Tyson Foods says a historic rise in inflation is the reason for an across the board price increase for its products. The company, which is the nation’s largest meat producer, says inflation in grain, labor, and freight cost is leading to the spike in its prices.
The news comes as another food giant, SYSCO, has stopped delivery to many restaurants.
In the quarter that ended on July 3, Tyson raised its average price for pork by a whopping 39 percent, beef by 12 percent, and chicken by 16 percent, according Tyson Foods CEO Donnie King.
“Costs are hitting us faster than we can get pricing at this point,” King stated
To offset skyrocketing inflation, Tyson has increased prices for restaurants and plans to raise all retail prices for shoppers on Sept. 5. King warned that more price increases are being planned in the near future.
“We have seen accelerating and unprecedented inflation,” King said in reference to Tyson’s prepared foods business line. “Inflation is up about 14 percent during our 3Q [third quarter] and 9 percent year-to-date.”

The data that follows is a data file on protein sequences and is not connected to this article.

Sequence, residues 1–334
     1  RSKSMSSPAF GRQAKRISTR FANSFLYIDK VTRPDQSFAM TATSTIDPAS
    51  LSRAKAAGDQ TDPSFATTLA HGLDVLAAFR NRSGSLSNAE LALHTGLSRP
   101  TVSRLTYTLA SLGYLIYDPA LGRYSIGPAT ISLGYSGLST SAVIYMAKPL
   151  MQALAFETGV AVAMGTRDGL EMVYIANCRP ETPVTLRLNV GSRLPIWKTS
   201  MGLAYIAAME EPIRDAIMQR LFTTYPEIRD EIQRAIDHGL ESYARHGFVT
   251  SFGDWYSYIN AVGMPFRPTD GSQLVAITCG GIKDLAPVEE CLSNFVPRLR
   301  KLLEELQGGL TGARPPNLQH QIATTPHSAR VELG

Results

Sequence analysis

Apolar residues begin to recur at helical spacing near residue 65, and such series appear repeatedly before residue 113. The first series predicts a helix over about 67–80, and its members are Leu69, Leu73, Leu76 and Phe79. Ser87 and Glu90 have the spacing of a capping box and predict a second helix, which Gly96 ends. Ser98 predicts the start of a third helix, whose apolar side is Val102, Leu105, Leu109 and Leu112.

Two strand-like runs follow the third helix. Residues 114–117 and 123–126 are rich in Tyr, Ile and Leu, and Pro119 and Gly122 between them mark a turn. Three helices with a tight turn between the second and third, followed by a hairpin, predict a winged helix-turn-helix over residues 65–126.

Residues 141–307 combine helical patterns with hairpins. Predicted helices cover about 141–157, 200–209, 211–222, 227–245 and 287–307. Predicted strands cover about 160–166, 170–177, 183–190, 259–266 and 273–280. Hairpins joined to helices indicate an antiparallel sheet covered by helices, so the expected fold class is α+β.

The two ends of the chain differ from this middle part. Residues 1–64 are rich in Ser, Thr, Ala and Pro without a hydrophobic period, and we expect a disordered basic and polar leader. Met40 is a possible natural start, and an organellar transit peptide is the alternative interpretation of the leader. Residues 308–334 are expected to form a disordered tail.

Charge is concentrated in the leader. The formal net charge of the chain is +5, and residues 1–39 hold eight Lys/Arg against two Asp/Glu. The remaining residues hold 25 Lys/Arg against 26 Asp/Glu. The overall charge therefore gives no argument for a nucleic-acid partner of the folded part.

Tyson, like other companies, has been grappling with higher raw material costs and global supply chain challenges, along with a sharp rebound in demand.
“Retail orders, for example, are up 30 percent versus pre-COVID levels,” King said. “We continue to believe that the ongoing inflationary environment will create a meaningful headwind for Prepared Foods in the upcoming quarter.
“Raw material cost, logistics, ingredients, packaging, and labor are all challenging our cost of production. To offset inflationary pressure, we’re focused on pricing, revenue management, and commercial spend optimization.”
Calling labor the “single biggest issue we face” across all of Tyson’s business lines, King said the company has responded by raising wages, creating flexible shifts, and setting up on-site child care arrangements.
The price hike plans come as economists have increasingly sounded the alarm on inflation, with some expressing concern that if prices rise too fast and stay high for too long, expectations of further price increases could take hold, driving up demand for wages and potentially triggering the kind of wage-price spiral that plagued the economy in the 1970s.